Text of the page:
IMO, the faster that young and middle age people acquire herd immunity, the safer it is long term for the elderly who are at the highest risk, because it drives R0 below 1 and extinguishes the pandemic.

The flaw with “flatten the curve” is overly simplistic thinking around the severity of cases. The best way to eliminate severe cases, assuming strict containment is impossible or cripplingly costly, is to gain herd immunity in the low-risk populations.

> It’s not our first pandemic. It won’t be the last.

As far as I can tell, for almost all Americans, this is our first pandemic. The closest analogue might be polio in the 1950s, but maybe 10% of the population remembers that.

Going down the list, none of the remaining pandemics within living memory seem to have made a large impact on life in the US [1].

It’s not crazy to imagine changes from this event. There doesn’t seem to be much precedent here for it.

[1] https://en.m.wikipedia.org/wiki/List_of_epidemics

In 2009 we had swine flu, H1N1 which was declared a pandemic by the WHO.

> These final estimates were that from April 12, 2009 to April 10, 2010 approximately 60.8 million cases (range: 43.3-89.3 million), 274,304 hospitalizations (195,086-402,719), and 12,469 deaths (8868-18,306) occurred in the United States due to pH1N1.

It remains to be seen if the hospitalizations or deaths due to COVID approach or exceed the levels of H1N1, which itself was less fatal than a typical flu.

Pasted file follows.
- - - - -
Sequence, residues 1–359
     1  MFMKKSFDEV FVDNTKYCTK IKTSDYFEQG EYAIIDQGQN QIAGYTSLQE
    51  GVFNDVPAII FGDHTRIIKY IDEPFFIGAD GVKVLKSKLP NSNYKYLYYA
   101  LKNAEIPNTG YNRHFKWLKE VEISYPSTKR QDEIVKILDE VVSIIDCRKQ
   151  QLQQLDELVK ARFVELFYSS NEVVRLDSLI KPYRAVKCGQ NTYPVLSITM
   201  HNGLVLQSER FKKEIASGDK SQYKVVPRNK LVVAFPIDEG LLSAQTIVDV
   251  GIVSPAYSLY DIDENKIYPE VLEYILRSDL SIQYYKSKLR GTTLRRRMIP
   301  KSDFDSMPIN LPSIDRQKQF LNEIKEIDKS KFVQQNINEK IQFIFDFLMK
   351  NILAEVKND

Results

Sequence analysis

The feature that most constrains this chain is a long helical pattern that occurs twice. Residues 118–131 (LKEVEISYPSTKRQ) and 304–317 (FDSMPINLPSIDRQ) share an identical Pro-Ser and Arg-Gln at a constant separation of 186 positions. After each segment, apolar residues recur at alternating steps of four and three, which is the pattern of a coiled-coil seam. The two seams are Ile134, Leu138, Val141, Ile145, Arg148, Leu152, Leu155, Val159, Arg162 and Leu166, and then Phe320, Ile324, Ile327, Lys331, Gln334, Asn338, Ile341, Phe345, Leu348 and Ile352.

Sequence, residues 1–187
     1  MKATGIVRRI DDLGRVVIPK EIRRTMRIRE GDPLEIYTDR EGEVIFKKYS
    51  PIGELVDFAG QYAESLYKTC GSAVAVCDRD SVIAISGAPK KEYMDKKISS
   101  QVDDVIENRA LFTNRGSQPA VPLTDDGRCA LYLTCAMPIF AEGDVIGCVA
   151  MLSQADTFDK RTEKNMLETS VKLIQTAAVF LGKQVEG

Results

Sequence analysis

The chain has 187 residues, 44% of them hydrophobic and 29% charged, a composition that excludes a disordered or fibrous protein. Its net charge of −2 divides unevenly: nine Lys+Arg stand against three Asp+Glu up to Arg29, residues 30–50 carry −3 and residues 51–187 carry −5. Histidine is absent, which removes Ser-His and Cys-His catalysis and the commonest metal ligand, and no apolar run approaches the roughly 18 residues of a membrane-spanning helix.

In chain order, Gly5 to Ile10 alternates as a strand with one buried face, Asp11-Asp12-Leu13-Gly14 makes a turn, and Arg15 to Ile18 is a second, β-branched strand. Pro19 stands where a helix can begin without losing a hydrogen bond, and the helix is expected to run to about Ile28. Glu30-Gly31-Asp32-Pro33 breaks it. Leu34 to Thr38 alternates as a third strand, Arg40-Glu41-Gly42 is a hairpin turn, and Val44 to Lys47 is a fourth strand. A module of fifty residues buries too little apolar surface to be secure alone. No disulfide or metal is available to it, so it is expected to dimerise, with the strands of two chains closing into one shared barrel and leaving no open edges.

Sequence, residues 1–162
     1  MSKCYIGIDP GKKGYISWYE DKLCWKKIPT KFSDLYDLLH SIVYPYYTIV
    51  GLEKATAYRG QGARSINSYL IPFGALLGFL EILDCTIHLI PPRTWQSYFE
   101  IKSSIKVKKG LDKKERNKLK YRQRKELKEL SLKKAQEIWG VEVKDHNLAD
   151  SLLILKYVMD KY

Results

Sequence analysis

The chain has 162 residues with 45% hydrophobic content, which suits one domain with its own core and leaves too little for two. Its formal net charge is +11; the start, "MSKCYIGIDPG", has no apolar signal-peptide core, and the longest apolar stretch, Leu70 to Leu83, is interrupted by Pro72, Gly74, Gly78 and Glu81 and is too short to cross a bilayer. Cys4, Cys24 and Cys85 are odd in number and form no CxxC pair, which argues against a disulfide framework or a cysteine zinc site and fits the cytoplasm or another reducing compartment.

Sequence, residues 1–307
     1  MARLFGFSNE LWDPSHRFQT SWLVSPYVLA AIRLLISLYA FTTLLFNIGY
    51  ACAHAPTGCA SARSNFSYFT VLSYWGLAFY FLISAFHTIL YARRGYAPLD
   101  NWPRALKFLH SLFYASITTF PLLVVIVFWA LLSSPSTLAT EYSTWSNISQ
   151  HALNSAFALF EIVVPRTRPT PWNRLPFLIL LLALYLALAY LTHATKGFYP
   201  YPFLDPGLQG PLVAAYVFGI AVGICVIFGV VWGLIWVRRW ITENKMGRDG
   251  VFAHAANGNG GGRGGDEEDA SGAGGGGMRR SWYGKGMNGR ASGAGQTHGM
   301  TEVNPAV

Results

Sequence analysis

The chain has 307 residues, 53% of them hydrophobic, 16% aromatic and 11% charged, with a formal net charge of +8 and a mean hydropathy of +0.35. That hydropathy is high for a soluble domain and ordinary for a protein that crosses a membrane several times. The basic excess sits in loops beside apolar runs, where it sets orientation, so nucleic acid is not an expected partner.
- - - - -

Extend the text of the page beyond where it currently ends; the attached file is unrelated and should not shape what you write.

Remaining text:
Certainly the response to COVID is markedly different. But I think in the end what will matter is the actual numbers impacted. If the virus turns out to be not as deadly as H1N1 I think people will seriously question the role of the media in building up hysteria around this coronavirus.


> If COVID-19 digs in deep in the US then there is going to be a transformational change in how US citizens think ...... All of these tie into how US citizens see their relationship with their government, and what they demand from it.

I certainly hope you are right, but unfortunately I suspect the companies making billions of dollars will do absolutely everything in their power to make sure those changes don't happen.

Because there is so much money tied up in the current way things are done Americans have decades of fighting the power structure before they can expect to change their relationship with their government. If only they knew what Europeans get for their tax dollars.

> "If COVID-19 digs in deep in the US then there is going to be a transformational change in how US citizens think about work, travel, entertainment, security, and the relationship between US citizens and their government."

Even the Spanish Flu didn't manage to do that and the actual death toll was even higher than the projections from COVID-19.

Instantaneous worldwide communication is arguably a game-changer. And while it's easy to be pessimistic about the state of science education, the ability and motivation to self-educate may have some impact on national and global consciousness. Neither of these things were even slightly possible 100 years ago.

I don't see how it will make long lasting changes other than your first point about WFH and virtual meetings being even more normalized.